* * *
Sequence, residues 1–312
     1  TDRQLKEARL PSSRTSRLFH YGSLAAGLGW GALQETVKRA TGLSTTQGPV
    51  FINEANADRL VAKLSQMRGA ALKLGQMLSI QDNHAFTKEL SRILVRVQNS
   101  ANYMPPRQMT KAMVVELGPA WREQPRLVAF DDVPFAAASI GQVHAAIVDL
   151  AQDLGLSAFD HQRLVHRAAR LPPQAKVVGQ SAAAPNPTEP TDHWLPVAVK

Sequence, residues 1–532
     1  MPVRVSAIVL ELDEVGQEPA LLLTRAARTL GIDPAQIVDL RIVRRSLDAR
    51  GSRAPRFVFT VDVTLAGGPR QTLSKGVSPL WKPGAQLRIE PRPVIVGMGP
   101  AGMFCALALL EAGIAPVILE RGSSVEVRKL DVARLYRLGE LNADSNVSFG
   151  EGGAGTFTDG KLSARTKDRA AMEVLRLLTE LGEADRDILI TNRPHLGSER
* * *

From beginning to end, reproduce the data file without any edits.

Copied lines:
Sequence, residues 1–312
     1  TDRQLKEARL PSSRTSRLFH YGSLAAGLGW GALQETVKRA TGLSTTQGPV
    51  FINEANADRL VAKLSQMRGA ALKLGQMLSI QDNHAFTKEL SRILVRVQNS
   101  ANYMPPRQMT KAMVVELGPA WREQPRLVAF DDVPFAAASI GQVHAAIVDL
   151  AQDLGLSAFD HQRLVHRAAR LPPQAKVVGQ SAAAPNPTEP TDHWLPVAVK

Sequence, residues 1–532
     1  MPVRVSAIVL ELDEVGQEPA LLLTRAARTL GIDPAQIVDL RIVRRSLDAR
    51  GSRAPRFVFT VDVTLAGGPR QTLSKGVSPL WKPGAQLRIE PRPVIVGMGP
   101  AGMFCALALL EAGIAPVILE RGSSVEVRKL DVARLYRLGE LNADSNVSFG
   151  EGGAGTFTDG KLSARTKDRA AMEVLRLLTE LGEADRDILI TNRPHLGSER